T.K Tortch says beautifully what I was getting at. When I first started out on fb I challenged some of my friends nonsensical posts about anti-vaccination tripe, or tried to point out that things they were saying were simply false, or have been proven untrue over and over and over. But they are believers and actually got pissed that I would dare challenge their beliefs. So I learned that lesson hard.

      The people that post about politics and pseudo science I just turn off of my feed. Like T.K. Tortch, I stay far away from politics and religion and money. It works well for me.

    9. tyouth Says:

      It’s tough. A few months ago I began talking politics with a business acquaintance, really, a casual friend, and he said “I really don’t pay that much attention”. I couldn’t let that stand and I suggested (in as nice a way as I could) that he should start paying attention since the current admin. was behaving in ways that reminds me, in some ways, of dictatorial regimes. We moved on to other things.

      There was a coolness when next we met. Frankly I don’t care.

    10. VictorWhats YourVector Says:

      I have been observing this type of human behavior closely since reading Jonathan Haidt’s book “The Righteous Mind”.

      So many of our moral judgements are, unwittingly, made at an emotional level (with “reason” applied mostly to the job of “justification”).

      …it is impossible to educate/convince someone on the “other team” of anything in a casual environment like FB. This is a job that requires many days of intensive work, when possible.

      Thus, if we want to maintain loose relationships with those that wear another teams jersey, it is best (as stated by others above) to leave certain subjects to other venues.

    11. David Foster Says:

      On a slightly hopeful note….What I find is that relatively few people are **100%** on (what most of us here would consider to be) the other side; most are more mixed in their views. For example, there is a woman who I’m pretty sure voted for Obama, considers Republicans uncool and fears they will ban birth control OTOH, she is angrily opposed to extended unemployment payments for people who don’t seriously pursue work, and she resents the Democrats’ racial focus and agitation.

      Then there is a guy who is of the Old Left, class-based rather than race/gender-based, who believes today’s political correctness and affirmative action are doing great harm to the American university.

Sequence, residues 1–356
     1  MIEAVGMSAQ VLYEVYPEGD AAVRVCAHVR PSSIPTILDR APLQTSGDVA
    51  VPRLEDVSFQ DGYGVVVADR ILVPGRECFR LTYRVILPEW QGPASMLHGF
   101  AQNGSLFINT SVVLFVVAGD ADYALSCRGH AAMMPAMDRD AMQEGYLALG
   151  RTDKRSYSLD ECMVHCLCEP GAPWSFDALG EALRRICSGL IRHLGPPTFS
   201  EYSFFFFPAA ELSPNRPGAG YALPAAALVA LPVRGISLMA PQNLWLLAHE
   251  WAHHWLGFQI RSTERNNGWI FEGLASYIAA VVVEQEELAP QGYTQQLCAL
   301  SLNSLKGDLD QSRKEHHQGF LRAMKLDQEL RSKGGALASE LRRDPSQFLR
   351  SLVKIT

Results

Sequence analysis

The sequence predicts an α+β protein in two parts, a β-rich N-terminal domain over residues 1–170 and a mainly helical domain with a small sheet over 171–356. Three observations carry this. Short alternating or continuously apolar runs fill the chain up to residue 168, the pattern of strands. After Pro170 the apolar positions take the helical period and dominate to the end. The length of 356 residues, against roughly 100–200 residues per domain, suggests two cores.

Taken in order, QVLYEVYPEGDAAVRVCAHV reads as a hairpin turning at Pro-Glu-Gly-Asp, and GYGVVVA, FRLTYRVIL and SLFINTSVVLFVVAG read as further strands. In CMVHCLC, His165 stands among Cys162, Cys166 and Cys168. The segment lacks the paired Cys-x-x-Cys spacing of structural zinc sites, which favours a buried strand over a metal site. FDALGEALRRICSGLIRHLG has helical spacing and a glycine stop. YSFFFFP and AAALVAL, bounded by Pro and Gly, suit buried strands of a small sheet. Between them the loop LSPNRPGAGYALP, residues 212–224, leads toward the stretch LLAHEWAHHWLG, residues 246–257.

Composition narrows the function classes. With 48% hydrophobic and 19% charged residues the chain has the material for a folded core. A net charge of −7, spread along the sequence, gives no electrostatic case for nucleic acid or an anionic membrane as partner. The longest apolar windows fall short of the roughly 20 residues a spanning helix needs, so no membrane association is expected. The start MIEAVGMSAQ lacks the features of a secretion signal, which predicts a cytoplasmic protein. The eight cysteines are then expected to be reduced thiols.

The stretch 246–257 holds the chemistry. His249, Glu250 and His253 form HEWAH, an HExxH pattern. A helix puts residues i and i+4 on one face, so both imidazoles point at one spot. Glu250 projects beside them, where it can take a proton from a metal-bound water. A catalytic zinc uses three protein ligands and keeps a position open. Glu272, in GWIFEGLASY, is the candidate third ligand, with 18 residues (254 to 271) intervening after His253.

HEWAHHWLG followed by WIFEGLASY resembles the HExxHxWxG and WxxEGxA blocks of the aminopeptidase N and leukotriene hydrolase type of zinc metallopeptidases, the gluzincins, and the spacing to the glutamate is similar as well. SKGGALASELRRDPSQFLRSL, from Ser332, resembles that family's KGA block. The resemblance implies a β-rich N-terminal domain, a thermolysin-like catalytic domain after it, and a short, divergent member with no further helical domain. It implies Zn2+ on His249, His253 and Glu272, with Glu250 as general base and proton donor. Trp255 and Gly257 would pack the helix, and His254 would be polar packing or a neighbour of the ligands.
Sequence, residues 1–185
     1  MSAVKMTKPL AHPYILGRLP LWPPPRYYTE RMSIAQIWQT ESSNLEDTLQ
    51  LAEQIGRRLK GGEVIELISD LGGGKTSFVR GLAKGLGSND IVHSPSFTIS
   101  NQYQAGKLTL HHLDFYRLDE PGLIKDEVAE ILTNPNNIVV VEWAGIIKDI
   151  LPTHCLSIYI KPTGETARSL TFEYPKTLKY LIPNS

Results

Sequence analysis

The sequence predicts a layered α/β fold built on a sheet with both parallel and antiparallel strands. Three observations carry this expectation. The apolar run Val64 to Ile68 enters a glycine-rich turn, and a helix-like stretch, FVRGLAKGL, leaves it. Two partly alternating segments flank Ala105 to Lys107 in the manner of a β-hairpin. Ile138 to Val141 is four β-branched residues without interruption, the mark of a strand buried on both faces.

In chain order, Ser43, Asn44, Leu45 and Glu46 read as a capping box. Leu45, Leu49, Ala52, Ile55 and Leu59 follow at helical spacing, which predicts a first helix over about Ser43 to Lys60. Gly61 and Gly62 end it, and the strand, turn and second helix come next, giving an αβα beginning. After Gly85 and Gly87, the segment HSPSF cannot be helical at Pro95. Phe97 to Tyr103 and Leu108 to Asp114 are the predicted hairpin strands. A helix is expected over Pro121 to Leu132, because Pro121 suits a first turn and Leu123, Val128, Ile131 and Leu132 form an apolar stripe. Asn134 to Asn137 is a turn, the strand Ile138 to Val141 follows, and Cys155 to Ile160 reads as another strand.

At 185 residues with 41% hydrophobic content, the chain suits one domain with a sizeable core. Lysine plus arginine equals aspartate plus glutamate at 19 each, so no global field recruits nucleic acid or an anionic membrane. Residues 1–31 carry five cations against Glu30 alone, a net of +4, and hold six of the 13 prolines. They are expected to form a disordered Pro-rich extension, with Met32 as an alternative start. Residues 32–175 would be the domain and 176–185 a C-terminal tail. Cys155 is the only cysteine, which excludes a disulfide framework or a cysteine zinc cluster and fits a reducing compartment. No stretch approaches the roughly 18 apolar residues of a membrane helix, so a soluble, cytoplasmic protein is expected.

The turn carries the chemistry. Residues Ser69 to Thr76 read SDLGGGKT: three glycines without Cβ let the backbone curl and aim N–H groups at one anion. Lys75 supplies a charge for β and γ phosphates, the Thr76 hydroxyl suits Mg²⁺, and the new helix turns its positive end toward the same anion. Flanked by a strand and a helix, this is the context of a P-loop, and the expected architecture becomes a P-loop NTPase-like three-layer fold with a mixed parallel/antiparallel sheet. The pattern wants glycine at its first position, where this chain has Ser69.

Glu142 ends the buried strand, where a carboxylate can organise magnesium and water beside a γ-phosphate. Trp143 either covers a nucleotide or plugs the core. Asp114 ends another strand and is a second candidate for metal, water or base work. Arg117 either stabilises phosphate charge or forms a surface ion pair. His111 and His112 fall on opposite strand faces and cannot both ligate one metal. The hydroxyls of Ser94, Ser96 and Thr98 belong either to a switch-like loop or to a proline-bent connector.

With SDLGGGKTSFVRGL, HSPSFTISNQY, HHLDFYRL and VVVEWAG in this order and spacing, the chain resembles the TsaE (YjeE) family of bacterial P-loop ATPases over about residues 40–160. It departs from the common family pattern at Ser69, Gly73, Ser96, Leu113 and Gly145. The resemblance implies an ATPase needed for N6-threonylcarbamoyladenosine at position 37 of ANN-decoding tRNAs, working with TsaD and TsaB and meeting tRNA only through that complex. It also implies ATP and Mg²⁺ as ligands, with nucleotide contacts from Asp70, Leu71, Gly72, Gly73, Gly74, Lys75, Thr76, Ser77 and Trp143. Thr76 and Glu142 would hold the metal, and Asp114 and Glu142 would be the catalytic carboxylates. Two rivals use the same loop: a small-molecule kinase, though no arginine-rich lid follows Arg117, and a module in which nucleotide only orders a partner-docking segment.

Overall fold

A woman who has spent her entire career in the business world, married to a career military man, she is utterly without snobbery or intellectual pretentiousness…but laughed at Sarah Palin as “too dumb.”

      OTOH, there is a guy who despises Obama and all his works, but who approvingly cited an idiotic article on how if we’d spent the money we spent on the Iraq/Afghanistan wars on solar panels instead, we’d never have to use fossil fuels for power generation again.

      People’s views and interests are most complex than binary points on a one-dimensional spectrum (exception for extreme herd-followers, to be found mostly in academia, media, and the entertainment industry)…we need to be thinking about market segmentation and segment-specific marketing approaches.

    12. Carl from Chicago Says:

      People are flawed and imperfect, and social media captures their ramblings indefinitely. I remember that one time Dan and I were in a bar at a football game in Wisconsin (meaning everyone was AMAZINGLY drunk, as in you have no idea how drunk) and these drunk girls were fighting via text across the bar and I’m sure that their ramblings the next day were horribly stupid and mean. In the past that wouldn’t have happened, but now social media enabled it.

      There has got to be some sort of analytics between time spent on heavy social media and time spent on productive activities and success. It has to be taking away time and brain focus and attention from important things. It is just math.

      You probably can’t show the impact on social interactions and families. Likely the kids growing up will have known no other way. They will think that this is how its always been. And that will be the future.

      I’m staying away from all of it for as long as I can, or just trying to use it for work purposes, like email and Linked In. Linked In has definitely changed job hopping – now you can surreptitiously look for a job by joining groups and contacting people and it is 100x easier than in the old days of cold calling by recruiters – this is one thing that is also subtle and important.

      Agreed that literacy is now down to 140 characters or less for most folks…

    13. Bill Brandt Says:

      I think those in their 20s use these extensively but don’t really go past the posting state to consider the ramifications.

      Have several funny stories -, the bride to be was posting how dumb she thought her future in-laws were and next morning one of said in-laws gets a call from a relative across an ocean wondering “what is this all about?”

      I think these things are nothing more than time sponges for which people like to post the most inane and silly things, to be intensely followed by their “friends”.

      All so superficial – reality TV that everyone can participate in.

      There.

      Now I’m going to get another glass of grapefruit juice.

      Going to the dealer to get some parts for my car’s steering rack.

    14. Whitehall Says:

      I too have dear, life-long friends who post the stupidest stuff.

      I find that a well-phrase, polite question to which they have no rational response in defense of their belief can at least start the thought process.

      Trying to find common underlying values also helps.

      I highly recommend Haidt’s “The Righteous Mind” to understand people and their moral beliefs and points of view. Poor liberals – such a clear poverty of understanding of the world.